My favorite childhood movie, without a doubt, was the animated tale of Anastasia, released in 1997 by 20th Century Fox. My sister and I watched the VHS on a monthly basis for years- we knew all of the songs, adored all of the characters (with the exception of Rasputin) and appreciated the whimsical storyline once we became a little older and learned that the Romanov family actually resided in history books.
I could hardly contain myself then when Anastasia made its Broadway debut. I purchased two tickets for my sister and I to watch the performance in New York City, eager to sing along with the cast and relive the magic of our youth.
But while the performance unfolded before our eyes, I was surprised to witness modified details and, while still in my seat, began Googling newfound discoveries that the Broadway show foreshadowed.
It was there, that my fascination with the Romanov Family took hold.
“The Romanovs: The Final Chapter” by Robert K. Massie was my first true literary deep dive into the happenings of the Romanov family. While the play depicted more of a military raid by the Bolsheviks, the book provided more depth to the incidents that led to the royal downfall. At midnight on July 16-17, 1918, all family residents were awakened and instructed to congregate in the cellar of the Ipatiev House, a place where the family members were imprisoned by order of Ural Soviet. Nicholas II and his wife, Alexandra, were present, along with their five children, Alexis, Olga, Tatiana, Marie, & Anastasia; Dr. Eugene Botkin, Demidova, Alexandra’s maid, Kharitonov, the family cook, & Trupp, Nicholas’ valet. The entire party was shot to death, then carted off to a shallow mass grave near Ekaterinburg, Siberia.
The account delves into the search for the Romanov bodies, testing for validity, the rumors, the imposters, and the findings of some of the world’s leading researchers, scientists, historians and investigators. While there were a lot of names and some chapters were very scientific, I pushed through those to uncover some real gems about the family and their unfortunate fate. The book read like “Devil In The White City” for me, and back then, it took me months to get through the content because I stopped at some of the more dense chapters. Since then, I have learned to skim through the detailed motions and fixate on overarching themes, core truths, and the meatiness of “the thrill:” I’ve come to adore a good murder mystery.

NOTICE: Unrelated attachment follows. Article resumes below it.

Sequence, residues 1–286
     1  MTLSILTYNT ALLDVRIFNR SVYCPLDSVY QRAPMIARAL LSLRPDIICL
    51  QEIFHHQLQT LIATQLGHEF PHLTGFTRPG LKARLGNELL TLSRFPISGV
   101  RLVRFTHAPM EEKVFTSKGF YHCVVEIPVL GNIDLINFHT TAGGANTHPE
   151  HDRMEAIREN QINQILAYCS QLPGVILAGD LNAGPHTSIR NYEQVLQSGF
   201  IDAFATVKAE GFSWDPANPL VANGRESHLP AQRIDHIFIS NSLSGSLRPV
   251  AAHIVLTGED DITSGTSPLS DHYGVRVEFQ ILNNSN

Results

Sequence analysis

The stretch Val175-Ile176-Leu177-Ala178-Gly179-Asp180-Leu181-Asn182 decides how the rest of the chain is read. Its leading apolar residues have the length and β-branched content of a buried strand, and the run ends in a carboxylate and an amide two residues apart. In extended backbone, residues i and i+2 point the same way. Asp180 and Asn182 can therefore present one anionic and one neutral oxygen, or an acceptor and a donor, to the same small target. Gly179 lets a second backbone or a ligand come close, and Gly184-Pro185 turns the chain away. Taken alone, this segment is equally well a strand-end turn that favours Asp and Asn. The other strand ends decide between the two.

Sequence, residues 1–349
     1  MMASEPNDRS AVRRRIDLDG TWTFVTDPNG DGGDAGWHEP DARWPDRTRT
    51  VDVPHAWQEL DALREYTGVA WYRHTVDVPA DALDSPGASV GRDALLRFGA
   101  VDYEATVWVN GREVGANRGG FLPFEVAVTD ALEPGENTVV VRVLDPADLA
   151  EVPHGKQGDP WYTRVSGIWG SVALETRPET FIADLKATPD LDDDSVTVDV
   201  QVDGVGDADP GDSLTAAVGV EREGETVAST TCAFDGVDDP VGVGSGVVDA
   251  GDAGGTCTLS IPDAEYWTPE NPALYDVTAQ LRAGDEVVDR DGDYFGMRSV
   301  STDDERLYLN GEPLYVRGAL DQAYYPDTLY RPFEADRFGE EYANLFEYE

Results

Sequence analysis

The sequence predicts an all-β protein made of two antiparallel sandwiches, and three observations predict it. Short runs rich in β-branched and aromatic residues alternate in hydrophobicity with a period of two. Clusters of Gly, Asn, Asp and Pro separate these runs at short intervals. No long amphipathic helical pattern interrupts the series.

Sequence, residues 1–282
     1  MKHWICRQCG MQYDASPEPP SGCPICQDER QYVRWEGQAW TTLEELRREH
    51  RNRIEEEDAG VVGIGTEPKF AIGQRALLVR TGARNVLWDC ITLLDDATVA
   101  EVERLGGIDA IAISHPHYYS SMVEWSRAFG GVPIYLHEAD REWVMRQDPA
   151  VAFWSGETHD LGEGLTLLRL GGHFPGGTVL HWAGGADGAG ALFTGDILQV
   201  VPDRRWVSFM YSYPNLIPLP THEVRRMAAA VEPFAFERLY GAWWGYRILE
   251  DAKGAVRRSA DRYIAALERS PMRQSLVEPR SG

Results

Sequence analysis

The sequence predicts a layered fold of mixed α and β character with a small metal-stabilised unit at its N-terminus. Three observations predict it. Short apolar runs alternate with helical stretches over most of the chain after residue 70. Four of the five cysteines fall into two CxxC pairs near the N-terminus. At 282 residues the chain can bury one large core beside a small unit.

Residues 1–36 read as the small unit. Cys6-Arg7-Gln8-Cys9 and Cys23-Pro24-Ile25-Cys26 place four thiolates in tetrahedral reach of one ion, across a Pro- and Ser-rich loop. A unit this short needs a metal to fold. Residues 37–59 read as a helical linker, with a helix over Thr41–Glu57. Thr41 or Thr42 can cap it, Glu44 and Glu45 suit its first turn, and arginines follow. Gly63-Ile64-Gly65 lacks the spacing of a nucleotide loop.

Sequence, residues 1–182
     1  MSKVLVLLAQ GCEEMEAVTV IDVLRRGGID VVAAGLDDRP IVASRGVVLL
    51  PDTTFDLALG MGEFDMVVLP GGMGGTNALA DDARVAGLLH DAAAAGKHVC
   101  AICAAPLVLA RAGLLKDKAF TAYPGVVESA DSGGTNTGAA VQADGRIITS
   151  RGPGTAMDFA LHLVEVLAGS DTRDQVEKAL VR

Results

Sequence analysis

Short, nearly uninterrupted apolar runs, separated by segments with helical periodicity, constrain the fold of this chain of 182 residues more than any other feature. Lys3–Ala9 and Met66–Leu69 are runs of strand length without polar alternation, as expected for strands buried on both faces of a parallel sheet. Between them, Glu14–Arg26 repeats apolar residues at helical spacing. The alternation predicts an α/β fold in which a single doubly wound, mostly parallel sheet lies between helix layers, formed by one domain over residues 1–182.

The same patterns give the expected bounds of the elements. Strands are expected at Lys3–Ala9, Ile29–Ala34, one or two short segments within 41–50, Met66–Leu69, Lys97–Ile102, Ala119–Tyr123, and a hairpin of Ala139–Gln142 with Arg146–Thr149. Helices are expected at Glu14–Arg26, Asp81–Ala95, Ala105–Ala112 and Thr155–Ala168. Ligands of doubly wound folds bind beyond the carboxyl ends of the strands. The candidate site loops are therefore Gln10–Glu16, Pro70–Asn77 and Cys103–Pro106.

Robert Massie does have another book on Nicholas & Alexandra and I’ve added it to my TBR list. Have you read any other books that have shed light on this riveting mystery? Let me know in the comments below!
FINAL SCORE: 3 This was a great introduction to the truth behind Hollywood and Broadway’s adaptations, but I still have some questions surrounding the Anastasia mystery that I wish were answered here, in more of an all-encompassing narrative. The book took a deep dive into the life of an Imposter and, while interesting, didn’t fully circle back to emphasize where the mystery currently stands.
BEST FOR: Anastasia Enthusiasts (The 90’s Kids) 😊 Non-Fiction Lovers, Murder Mystery Fans
NOT GOOD FOR: Easy Readers Or Those Who Aren’t Passionate About Historical Accounts
IF THIS BOOK/ AUTHOR WAS A HIGH SCHOOL STEREOTYPE: The Anatomy Whiz
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